This story, the one Ben shared recently, and others serve as guideposts for me as I seek to forgive and be forgiven. They allow me to navigate this process of forgiveness, and remind me that life is more full and rich when we are first able to accept an outcome and then move beyond it; when we are able to understand that we are all capable of mistakes, that resentment and anger are far too heavy of burdens to carry, and that forgiveness is the ultimate prize.

Forgiveness looks and feels and acts differently for each one of us. We cannot expect ourselves into forgiveness, or wish ourselves forgiven—we just have to arrive there. And we will arrive there, because each of us has the capacity to forgive.

You might not have the word on your arm, but forgiveness is more than skin deep. It’s written into our DNA. And so I encourage you to work toward it, whether there is someone you need to forgive, something you need to forgive, or you’re the one asking for forgiveness.

Along the way, pour a cup of coffee—or your own chosen beverage—and share a story.

My cup’s full. I’m listening.

Stuck in traffic? Have you thought about it like this …?

Photo of a traffic jam by Mario Roberto Duran Ortiz. For public use via Wikimedia Commons.

Photo of a traffic jam by Mario Roberto Duran Ortiz. For public use via Wikimedia Commons.


WHEN YOU become a caregiver you learn to let go. It’s not necessarily something you want to do—you have to do it. You realize, pretty quickly, that you don’t have any control. That’s a difficult pill to swallow because we all want control. But, when your mother falls and breaks her hip the day before Thanksgiving, or you get a phone call from your brother telling you he has cancer, or your husband suffers a stroke, it hits you:

You have no control. You’re just along for the ride. And sometimes you get stuck in traffic.

This has been a year of change for my wife and me: new jobs, new cities, new friends. It also has been a year of renewed health for my wife, who started a new treatment with success. But there was a period of time after our move where we hadn’t found a new doctor for her, and she had missed a treatment, and we needed to take action quickly. As it would happen, our best option was to drive to Chicago, a six-hour trip, for a two-hour appointment.

I am telling you all of this because nothing ever goes according to plan, and caregivers know this better than anyone. Forty-five minutes into our trip and we were stuck in traffic. This wasn’t stop-and-go traffic, only a minute’s inconvenience. This was three hours of nothing. No movement. No go, just stop.

Now, I’ll be the first to admit that when I am driving on the highway and I pass major traffic in the opposing lanes, I think: Thank God that isn’t me. That’d be terrible! We’ve all done this, at least privately: We see someone going through a difficult time, suffering the loss of a spouse or child, or grieving a diagnosis of cancer in the family, and we think: Thank God that isn’t me. That’d be terrible! Of course we don’t celebrate in their agony, but we’re relieved that, this time, we weren’t the ones being held up.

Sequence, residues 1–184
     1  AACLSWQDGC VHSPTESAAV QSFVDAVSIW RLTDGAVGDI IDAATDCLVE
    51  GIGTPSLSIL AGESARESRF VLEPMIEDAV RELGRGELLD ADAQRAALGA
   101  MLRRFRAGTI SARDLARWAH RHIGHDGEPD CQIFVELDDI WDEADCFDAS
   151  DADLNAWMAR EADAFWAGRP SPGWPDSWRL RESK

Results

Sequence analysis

But the truth is: Life doesn’t come equipped with Cruise Control. Sometimes the traffic jams aren’t in someone else’s lane. And, sometimes we get stuck. Sometimes the person you love is diagnosed with something dire, and there’s nothing you can do. We wait. And we try to help. We look for any opportunity to turn around or take an alternative route. As a caregiver and husband, I keep looking for that perfect thing that will cure my wife: a new diet, a new treatment, a new thing that will solve all of her problems. I keep thinking: If only I had checked the directions before the trip, we could have avoided this!

Have you whispered something like that to yourself? It’s so frustrating: If only …

But here’s the real question: Can we grab hold of all that anxiety, frustration and anger—and refocus on …

Well, let me tell you more about our recent traffic jam. We were on our way to Chiago—with my wife’s health in question—sitting in our little Volkswagen Jetta that my wife has dubbed “Alejandro,” parked in miles and miles of traffic. Only 50 minutes from our home! Not moving!

So, I turned to my wife and grabbed her hand. “Sometimes you’re just stuck in traffic,” I said.

She nodded her head and I knew she understood what I meant.

“But I’ll tell you this,” I continued.

“What’s that?”

“I wouldn’t want to be stuck in traffic with anyone else but you.”


First, if you like this column by Paul Hile, please share it with friends via Facebook or Email. You’ll find icons with this column to help you with your sharing. Or use the “Print” button to print and share this with someone who needs to read it. If you’d like to read an earlier column by Paul, he also wrote “What We Talk about When We Talk about Entitlement.”

Young Caregivers: What We Talk About When We Talk About Entitlement

by Paul Hile

Each year, millions of men and women get life-altering news. We sit. We wait. We wonder: Why us? Why me?

Each year, millions of men and women get life-altering news. We sit. We wait. We wonder: Why us? Why me?

When my mother was diagnosed with brain cancer, I sat alone in a family room at the hospital and wondered aloud why this was happening to my family.

Why my mother? Why my family? Inevitably, I asked: Why me?